The dawn of smarter energy?

Posted: 10th February 2010

It has been well documented in the press of late that we can all expect our energy bills to dramatically rise over the next few years.  In spite of news that British Gas has just cut its prices by 7% - saving its customers an average of around £55 per year on their gas bills - the outlook for the longer term is much bleaker.  Energy regulator OFGEM has warned that by 2020 we could expect to see energy bills breaking the £2000-a-year mark (a 25% increase on current levels), whilst the comparison website U-Switch warns that if wholesale energy costs rise as the world moves out of recession, bills could be higher still, quoting the alarming but ‘worst case’ figure of £4000.  As energy prices rise, it is very much a reality that significant numbers of people will be faced with the prospect of unaffordable bills.

OFGEM commented that there was ‘reasonable doubt’ about whether the energy market would be able to deliver sustainable supplies over the current decade.  With the threat of power shortages and soaring costs, it is safe to say that the energy market is in turmoil.  So what is being done about it?

To try and combat this situation the government is mandating the introduction of something called the ‘smart meter’ – a two-way communicating device that once installed at the home shows exactly how much gas and electricity is being used, meaning the end of the estimated bill and enabling up to the minute information on usage and costs.  For the homeowner, the key component of this new capability is the in-home display (IHD) that will allow them to see exactly what they are using and when.  With more information available, consumers can take control of their bills as well as reducing their carbon footprint.  For the supplier, a ‘smart grid’ enables them to manage demand and improve the efficiency of the network, so it would appear to be win-win.

Stephen Cunningham, UK and Ireland Chief Executive for Landis + Gyr, heralds the ‘smart grid’ a ‘potentially more profound step than North Sea gasification’, whilst The Energy Retail Association comments, ‘the technological advance would be the equivalent of using wireless broadband instead of sending a telegram’.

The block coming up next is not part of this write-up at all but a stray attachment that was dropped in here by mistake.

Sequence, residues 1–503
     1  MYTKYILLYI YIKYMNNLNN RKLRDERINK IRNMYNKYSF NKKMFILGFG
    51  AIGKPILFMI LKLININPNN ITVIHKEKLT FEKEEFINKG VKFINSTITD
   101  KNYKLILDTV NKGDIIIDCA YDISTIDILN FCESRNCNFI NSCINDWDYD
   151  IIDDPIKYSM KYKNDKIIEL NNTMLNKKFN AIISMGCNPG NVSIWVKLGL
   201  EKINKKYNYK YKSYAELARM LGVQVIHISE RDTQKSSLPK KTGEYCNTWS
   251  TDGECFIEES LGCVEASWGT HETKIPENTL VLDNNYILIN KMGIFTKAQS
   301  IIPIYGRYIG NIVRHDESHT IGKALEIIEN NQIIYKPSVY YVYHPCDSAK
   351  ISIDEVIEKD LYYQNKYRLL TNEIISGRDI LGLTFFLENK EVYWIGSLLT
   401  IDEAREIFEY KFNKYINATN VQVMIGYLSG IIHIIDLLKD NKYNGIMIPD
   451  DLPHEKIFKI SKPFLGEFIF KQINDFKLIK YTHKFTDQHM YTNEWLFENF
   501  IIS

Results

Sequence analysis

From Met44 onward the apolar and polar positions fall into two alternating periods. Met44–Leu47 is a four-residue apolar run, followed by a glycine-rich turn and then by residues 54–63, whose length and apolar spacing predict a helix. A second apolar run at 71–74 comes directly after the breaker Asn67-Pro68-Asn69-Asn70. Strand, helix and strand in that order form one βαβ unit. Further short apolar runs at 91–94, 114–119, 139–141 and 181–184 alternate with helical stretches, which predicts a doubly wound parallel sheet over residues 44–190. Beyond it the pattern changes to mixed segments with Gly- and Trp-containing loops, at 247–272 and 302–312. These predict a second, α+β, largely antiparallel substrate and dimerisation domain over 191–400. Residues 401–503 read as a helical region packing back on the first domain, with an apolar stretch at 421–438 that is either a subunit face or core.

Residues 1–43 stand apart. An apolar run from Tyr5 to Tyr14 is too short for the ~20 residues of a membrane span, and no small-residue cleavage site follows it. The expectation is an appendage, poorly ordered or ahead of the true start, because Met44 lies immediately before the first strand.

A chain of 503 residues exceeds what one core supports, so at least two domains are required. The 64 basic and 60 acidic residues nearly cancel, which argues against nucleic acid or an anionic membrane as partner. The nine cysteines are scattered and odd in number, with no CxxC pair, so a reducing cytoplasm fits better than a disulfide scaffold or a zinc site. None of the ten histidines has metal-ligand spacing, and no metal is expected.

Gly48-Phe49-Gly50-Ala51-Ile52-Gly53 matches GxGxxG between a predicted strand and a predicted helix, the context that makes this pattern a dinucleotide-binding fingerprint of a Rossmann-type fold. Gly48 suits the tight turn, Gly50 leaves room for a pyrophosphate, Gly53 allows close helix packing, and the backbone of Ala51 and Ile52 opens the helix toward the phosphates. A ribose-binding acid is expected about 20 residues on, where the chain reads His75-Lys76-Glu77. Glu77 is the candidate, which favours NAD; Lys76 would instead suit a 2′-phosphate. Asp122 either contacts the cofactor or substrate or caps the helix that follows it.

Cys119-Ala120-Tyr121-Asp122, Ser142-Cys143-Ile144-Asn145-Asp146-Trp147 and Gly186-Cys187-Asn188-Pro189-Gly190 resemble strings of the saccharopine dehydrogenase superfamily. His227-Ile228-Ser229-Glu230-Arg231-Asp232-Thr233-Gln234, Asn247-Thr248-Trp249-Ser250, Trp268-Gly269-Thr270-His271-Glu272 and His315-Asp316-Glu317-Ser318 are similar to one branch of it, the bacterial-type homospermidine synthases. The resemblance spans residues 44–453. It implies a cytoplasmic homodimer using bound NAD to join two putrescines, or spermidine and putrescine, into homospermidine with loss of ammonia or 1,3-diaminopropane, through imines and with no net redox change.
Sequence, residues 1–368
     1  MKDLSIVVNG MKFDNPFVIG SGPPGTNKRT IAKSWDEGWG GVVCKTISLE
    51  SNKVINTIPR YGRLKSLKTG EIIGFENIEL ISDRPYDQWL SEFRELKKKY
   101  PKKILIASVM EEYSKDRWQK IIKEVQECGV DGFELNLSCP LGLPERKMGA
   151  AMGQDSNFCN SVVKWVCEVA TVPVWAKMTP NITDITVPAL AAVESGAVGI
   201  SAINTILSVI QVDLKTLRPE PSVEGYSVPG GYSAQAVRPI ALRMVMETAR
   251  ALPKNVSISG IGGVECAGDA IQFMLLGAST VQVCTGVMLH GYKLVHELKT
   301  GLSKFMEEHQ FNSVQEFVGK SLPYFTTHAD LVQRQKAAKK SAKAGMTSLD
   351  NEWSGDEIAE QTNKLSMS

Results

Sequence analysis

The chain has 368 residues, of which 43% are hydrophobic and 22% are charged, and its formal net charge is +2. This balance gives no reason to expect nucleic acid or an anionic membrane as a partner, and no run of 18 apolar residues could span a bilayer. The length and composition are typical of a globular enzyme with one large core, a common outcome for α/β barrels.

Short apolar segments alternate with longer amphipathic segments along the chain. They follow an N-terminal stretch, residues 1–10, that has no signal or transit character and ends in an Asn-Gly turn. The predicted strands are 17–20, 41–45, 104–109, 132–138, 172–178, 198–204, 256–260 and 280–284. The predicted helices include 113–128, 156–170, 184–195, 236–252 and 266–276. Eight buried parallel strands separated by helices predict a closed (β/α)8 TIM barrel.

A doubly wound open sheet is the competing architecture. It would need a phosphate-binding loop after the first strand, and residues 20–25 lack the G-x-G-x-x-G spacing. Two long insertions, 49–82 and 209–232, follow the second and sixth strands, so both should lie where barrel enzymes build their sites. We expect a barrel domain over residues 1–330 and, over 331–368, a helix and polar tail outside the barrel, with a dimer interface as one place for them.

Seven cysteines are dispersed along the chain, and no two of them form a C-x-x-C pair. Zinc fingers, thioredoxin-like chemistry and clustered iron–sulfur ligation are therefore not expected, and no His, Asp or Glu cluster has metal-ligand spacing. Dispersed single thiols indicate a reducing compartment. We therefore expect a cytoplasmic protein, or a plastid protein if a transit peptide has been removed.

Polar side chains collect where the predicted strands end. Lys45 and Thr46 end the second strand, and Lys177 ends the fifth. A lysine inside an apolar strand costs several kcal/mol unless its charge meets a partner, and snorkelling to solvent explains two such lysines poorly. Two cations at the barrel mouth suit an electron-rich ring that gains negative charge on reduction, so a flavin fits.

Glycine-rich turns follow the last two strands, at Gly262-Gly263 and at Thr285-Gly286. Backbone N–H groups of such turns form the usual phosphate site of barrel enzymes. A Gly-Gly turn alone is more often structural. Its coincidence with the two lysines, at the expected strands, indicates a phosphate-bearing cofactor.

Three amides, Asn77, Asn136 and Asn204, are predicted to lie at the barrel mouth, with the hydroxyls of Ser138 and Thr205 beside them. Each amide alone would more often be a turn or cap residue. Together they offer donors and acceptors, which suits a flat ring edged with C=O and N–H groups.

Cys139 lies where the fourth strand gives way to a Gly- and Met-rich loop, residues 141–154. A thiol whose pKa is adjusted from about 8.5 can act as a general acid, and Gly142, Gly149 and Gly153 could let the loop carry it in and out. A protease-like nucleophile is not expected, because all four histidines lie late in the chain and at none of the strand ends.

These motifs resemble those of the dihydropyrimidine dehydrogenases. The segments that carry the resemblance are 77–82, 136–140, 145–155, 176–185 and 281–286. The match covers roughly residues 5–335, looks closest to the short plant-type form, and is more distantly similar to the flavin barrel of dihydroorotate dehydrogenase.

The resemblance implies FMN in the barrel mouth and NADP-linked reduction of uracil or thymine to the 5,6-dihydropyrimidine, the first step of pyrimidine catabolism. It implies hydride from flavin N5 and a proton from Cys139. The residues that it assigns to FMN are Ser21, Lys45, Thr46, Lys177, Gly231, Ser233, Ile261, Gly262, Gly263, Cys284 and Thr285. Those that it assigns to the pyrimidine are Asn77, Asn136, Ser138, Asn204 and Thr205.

As one of Europe’s worst energy wasters, the impact that ‘smart monitors’ could have would be enormous.  It has been estimated that our bad habits in the UK, such as leaving appliances on standby, could be costing as much as £11bn a year.  Research from Finland in 2008 found that in-home displays brought average energy savings of 10.3%.  In light of the predicted hike in energy costs over the next decade this represents a significant saving.

The government’s target is ambitious and spans an entire decade (fitting 49 million meters by the end of 2020) which means that as a consumer you may not be taking advantage of this money saving technology until 2020, by which time you could have already been subjected to 10 years of steadily increasing energy prices.  However, this need not be an obstacle, as there is technology available now that can offer the same benefits and more.

Intamac’s system provides an alternative to replacing the current energy meter with a new ‘smart meter’.  By fitting a device to the existing meter the same ‘smart’ features can be enabled and visually presented not only on an IHD, but also via the web, using Intamac’s own web platform.  Using a central hub and a broadband connection, consumers can link and control devices (including the ‘smart monitor’) in the home.  The overriding benefit of this method is, scope.  Using the Intamac web platform consumers can not only monitor the overall energy usage at their home, but control individual devices and program the service to intelligently act on their behalf (to reduce their bills and carbon footprint).  By way of an example, this could mean programming the system to automatically turn off devices once a homeowner has left their property, thus saving money that would otherwise have been spent on wasteful practices such a leaving appliances on stand-by.

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